—Lorraine, on Facebook

Oh Lorraine, you're so cute. How quaint of you to assume that middle and lower class people just can't quite escape the spending...Maybe you are referring to specific people in your life? Your children, etc...? It seems to me you are referring to a specific population who were raised with money and privilege, and of course, are now struggling like the rest of us, but are accustomed to a certain standard of living... This is not the reality for many, (most), people. Beware of blanket statements...

—Rachel, via Facebook

I don't have health insurance (was on husband's and he recently got laid off, I am a freelance worker) and when we looked into purchasing a plan it became very clear, very quick that we didn't qualify b/c I make enough to keep us out of many government subsidized plans, but we certainly don't make enough to afford a typical "retail" plan...that was my defining middle class moment.

—Katy, via Facebook

I am in the middle class I make nearly 81,000 dollars a year. So I consider that to be what puts me there.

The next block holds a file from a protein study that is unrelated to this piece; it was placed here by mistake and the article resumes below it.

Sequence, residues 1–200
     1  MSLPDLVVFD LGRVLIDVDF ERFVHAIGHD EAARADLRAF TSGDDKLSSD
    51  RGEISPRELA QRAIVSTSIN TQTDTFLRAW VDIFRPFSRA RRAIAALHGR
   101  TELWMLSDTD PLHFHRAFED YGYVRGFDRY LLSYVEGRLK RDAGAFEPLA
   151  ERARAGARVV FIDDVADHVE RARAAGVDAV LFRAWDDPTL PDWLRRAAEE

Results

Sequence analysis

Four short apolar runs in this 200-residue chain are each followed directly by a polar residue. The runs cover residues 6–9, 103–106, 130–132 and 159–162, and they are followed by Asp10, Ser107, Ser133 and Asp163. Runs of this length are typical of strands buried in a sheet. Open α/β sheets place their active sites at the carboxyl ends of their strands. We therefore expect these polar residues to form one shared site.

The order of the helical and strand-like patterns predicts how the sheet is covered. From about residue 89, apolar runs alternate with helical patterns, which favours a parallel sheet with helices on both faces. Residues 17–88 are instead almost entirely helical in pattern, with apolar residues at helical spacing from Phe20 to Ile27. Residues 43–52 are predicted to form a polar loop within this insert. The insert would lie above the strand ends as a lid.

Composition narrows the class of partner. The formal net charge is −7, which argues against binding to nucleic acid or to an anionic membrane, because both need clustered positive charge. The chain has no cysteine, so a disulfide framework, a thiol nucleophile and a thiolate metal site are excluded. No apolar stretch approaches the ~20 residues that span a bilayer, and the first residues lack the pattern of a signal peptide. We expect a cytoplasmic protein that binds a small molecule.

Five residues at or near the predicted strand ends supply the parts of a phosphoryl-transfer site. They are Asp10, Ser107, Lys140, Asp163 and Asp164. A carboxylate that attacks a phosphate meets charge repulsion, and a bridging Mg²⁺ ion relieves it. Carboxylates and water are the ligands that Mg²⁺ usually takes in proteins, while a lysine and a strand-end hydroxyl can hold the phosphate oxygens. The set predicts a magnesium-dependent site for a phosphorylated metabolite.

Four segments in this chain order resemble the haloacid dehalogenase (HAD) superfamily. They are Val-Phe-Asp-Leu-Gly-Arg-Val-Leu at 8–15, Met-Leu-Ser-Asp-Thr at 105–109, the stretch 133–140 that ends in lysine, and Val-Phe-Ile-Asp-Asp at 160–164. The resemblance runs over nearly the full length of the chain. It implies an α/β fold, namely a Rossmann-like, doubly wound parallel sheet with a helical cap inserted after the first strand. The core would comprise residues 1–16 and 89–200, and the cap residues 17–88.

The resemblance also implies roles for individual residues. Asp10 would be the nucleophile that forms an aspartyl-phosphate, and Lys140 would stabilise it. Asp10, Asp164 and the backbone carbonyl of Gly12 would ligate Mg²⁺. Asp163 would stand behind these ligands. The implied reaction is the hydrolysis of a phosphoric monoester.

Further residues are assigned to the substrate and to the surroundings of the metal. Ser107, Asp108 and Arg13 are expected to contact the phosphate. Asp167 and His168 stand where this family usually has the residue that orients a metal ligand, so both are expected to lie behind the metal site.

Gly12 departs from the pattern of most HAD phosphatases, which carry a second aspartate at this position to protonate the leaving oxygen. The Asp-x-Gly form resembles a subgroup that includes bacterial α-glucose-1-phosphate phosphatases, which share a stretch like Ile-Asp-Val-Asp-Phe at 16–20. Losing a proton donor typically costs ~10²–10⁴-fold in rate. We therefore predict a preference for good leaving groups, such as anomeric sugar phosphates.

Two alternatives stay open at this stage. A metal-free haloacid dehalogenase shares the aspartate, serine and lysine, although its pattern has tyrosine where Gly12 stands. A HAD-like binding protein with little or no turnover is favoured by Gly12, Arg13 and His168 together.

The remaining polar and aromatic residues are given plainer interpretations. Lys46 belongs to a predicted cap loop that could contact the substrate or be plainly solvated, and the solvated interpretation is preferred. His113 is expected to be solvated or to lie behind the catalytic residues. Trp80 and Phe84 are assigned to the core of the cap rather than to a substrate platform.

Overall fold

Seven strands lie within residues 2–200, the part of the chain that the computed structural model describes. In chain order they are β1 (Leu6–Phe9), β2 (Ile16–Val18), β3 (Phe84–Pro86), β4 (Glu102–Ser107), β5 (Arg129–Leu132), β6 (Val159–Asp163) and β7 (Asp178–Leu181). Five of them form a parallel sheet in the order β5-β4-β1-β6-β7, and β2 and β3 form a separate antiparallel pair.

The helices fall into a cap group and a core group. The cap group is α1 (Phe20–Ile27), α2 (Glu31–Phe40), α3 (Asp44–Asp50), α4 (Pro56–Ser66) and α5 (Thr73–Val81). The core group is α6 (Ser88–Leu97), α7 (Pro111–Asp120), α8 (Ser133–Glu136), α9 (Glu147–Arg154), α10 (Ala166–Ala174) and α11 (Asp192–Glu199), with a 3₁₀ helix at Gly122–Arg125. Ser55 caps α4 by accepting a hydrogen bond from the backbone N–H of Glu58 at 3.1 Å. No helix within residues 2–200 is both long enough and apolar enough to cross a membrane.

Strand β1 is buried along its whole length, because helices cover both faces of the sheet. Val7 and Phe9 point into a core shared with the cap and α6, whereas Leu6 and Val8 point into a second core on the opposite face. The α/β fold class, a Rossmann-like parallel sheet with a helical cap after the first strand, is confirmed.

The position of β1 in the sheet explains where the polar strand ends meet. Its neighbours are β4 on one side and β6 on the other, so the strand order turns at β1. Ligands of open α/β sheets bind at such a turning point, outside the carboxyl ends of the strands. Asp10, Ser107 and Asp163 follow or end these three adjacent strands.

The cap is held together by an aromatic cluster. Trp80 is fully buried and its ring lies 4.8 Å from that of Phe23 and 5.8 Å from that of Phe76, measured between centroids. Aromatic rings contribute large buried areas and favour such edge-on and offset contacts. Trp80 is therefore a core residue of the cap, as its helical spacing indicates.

—Don in Queens, NY, via phone.

Middle class are mortgage owners that's pretty much it.

—Dan Fisher, Vermont, via phone

We joined the middle class when in 1988 we bought our first microwave. My wife and I looked at each other and said you know we joined the middle class now, and to tell you truth, we still have the same microwave so we're still in the middle class.

—Yamborday, Yorktown, Va., via phone

I think that a lot of our problems for the middle class is we're spending our money on a lot of things that we didn't use to: cable TV, $150 a month, Apple telephone $100 a month. There's a lot of our investment and our wealth going down the drain, because there are things that we really don't need.

—Jimmy Johnson, Fort Worth Tex., via phone

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Comments [8]

Sara from Boston